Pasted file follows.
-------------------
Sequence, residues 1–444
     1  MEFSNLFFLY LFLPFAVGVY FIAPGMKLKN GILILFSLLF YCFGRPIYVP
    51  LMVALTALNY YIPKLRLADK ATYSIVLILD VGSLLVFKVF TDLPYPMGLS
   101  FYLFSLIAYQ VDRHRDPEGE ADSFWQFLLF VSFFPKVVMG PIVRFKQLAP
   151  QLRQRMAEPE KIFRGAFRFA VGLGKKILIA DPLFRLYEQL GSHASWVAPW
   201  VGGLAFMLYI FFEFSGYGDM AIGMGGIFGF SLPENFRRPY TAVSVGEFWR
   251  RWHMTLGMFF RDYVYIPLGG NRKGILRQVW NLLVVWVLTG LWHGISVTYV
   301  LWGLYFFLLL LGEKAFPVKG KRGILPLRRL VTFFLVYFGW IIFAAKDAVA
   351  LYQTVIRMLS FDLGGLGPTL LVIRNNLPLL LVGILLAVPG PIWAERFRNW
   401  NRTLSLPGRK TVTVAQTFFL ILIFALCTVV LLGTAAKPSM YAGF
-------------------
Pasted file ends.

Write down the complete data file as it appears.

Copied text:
Sequence, residues 1–444
     1  MEFSNLFFLY LFLPFAVGVY FIAPGMKLKN GILILFSLLF YCFGRPIYVP
    51  LMVALTALNY YIPKLRLADK ATYSIVLILD VGSLLVFKVF TDLPYPMGLS
   101  FYLFSLIAYQ VDRHRDPEGE ADSFWQFLLF VSFFPKVVMG PIVRFKQLAP
   151  QLRQRMAEPE KIFRGAFRFA VGLGKKILIA DPLFRLYEQL GSHASWVAPW
   201  VGGLAFMLYI FFEFSGYGDM AIGMGGIFGF SLPENFRRPY TAVSVGEFWR
   251  RWHMTLGMFF RDYVYIPLGG NRKGILRQVW NLLVVWVLTG LWHGISVTYV
   301  LWGLYFFLLL LGEKAFPVKG KRGILPLRRL VTFFLVYFGW IIFAAKDAVA
   351  LYQTVIRMLS FDLGGLGPTL LVIRNNLPLL LVGILLAVPG PIWAERFRNW
   401  NRTLSLPGRK TVTVAQTFFL ILIFALCTVV LLGTAAKPSM YAGF